by Samia Mehrez, American University in Cairo, Egypt
Samia Mehrez is a distinguished Professor of Arabic Literature in AUC’s Department of Arab and Islamic Civilizations and Director of the Center for Translation Studies. I met her recently in Cairo where she showed me chapters from her forthcoming Translating Egypt’s Revolution – exciting narratives from Tahrir written with her students. I asked her to write this piece for Global Dialogue – MB.
By the time this article is published, one year will have passed since the beginning of the January 25 uprising in Egypt that deposed former President Hosni Mubarak on February 11, 2011. The rebellion promises to remap, in many complex ways, the future of Egypt as well as its position in both the region and the world. Over the past months, the January uprising – with its ongoing proliferation of narratives oscillating between thawra (revolution) and inqilab (coup) – continues to resist and defy, at least where Egyptians are concerned, unitary naming and framing. One thing remains certain however: January 25, 2011 and the ensuing legendary eighteen days in Tahrir (not to mention the successive waves of violent confrontations, massive demonstrations, and persistent sit-ins) marked the beginning of a new historic and symbolic life for Midan al-Tahrir (Tahrir Square) that has become the icon of Egypt’s ongoing uprising and the barometer for a nationwide revolt that continues to transform Egyptians in many significant ways.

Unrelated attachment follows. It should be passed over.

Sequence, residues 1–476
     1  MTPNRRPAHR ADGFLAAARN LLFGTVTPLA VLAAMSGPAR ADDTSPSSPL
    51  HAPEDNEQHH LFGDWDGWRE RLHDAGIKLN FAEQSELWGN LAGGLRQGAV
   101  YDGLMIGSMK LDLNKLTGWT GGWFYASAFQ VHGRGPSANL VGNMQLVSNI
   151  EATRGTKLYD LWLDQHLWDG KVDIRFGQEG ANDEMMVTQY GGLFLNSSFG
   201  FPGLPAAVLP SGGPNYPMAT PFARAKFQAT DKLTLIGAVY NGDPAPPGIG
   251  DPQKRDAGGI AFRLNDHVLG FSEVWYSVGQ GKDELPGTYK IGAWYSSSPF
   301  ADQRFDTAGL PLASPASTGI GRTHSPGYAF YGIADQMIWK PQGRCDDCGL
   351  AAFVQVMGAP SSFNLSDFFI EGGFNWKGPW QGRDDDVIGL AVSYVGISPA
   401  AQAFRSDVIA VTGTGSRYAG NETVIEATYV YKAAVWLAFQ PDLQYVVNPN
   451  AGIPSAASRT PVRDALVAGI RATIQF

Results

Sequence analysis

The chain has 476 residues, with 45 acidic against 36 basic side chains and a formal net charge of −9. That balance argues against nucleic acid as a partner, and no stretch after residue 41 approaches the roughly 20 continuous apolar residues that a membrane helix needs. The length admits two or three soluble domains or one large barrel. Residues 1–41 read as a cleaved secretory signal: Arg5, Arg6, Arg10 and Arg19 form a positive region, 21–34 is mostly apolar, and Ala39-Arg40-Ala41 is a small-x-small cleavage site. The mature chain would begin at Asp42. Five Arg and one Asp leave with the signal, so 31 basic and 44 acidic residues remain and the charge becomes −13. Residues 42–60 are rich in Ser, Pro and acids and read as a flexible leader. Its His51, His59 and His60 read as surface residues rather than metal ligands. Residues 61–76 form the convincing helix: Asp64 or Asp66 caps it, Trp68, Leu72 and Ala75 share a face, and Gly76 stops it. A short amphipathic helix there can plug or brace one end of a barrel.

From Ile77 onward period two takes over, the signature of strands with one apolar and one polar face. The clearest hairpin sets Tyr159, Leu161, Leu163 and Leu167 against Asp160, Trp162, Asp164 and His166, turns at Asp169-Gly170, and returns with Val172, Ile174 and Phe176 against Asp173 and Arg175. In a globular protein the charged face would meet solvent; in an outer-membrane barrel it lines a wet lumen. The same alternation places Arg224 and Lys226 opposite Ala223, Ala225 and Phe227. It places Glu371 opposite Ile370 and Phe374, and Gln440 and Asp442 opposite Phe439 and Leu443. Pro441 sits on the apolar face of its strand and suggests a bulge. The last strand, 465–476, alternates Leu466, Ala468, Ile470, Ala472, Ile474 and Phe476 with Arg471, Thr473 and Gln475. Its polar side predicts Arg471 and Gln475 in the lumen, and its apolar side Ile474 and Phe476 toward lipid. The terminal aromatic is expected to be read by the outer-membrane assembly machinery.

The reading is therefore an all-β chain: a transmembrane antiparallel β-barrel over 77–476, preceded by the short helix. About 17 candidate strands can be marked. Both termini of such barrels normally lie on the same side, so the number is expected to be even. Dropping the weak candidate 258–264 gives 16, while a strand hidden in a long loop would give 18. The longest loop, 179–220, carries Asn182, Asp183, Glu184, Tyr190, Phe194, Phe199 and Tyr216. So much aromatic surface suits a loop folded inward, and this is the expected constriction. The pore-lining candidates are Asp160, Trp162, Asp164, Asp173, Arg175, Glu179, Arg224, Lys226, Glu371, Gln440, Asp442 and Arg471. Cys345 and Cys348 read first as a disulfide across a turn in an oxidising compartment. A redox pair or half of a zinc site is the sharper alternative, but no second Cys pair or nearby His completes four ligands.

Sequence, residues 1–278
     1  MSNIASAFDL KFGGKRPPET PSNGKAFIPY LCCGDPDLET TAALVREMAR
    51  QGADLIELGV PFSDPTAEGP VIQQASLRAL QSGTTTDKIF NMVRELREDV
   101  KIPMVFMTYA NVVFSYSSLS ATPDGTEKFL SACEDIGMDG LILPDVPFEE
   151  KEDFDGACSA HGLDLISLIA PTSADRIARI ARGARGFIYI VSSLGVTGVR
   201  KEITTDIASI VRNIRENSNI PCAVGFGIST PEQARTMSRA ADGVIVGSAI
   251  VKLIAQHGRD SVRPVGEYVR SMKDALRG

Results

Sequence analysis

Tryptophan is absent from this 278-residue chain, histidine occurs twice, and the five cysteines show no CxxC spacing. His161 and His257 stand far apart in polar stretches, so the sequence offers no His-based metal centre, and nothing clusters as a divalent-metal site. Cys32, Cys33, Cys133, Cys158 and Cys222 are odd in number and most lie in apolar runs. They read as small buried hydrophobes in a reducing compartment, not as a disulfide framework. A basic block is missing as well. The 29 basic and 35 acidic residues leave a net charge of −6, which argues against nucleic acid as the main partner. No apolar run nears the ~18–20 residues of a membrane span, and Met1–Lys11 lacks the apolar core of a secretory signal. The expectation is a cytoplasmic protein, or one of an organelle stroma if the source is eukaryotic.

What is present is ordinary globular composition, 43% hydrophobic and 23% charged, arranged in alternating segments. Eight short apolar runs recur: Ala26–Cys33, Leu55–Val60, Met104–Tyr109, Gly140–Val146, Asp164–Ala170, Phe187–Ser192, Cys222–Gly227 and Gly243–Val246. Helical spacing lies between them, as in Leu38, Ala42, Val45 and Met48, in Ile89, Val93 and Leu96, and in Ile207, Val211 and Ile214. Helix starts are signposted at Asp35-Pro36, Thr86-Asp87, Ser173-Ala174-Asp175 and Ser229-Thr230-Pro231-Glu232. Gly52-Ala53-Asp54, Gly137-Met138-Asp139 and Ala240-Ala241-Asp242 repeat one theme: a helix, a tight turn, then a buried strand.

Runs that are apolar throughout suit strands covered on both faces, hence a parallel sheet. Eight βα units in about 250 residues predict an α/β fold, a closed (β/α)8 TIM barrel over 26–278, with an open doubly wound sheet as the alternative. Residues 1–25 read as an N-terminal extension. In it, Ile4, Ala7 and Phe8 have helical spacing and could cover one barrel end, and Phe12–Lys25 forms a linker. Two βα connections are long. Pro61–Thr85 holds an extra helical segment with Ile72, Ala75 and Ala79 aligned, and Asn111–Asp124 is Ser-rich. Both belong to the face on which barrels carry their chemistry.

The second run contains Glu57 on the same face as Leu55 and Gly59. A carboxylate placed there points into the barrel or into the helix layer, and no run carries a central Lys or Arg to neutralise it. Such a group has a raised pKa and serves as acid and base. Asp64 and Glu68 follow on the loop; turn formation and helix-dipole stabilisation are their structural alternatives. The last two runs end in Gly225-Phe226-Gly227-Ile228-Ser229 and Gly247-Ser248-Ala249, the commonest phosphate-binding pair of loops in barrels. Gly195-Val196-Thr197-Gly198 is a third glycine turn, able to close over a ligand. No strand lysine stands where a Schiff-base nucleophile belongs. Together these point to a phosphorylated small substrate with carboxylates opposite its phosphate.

For a while, after January 25, people were anxious that Midan al-Tahrir, where hundreds were martyred and thousands wounded and detained, would become a spectacle, a mere display of itself. They feared it would become, as my colleague Amr Shalakany put it “a place where you can go and ‘watch’ the revolution, take a look at it, have some of its taste and then go home to another time zone altogether.” True, people did come to “watch the revolution” in Midan al-Tahrir and many more continue to do so at home in front of the TV and on social media. But through this very process of “watching” many have become implicated as active participants and have transformed that “watching,” that “spectacle,” into revolutionary action that has produced new subjectivities.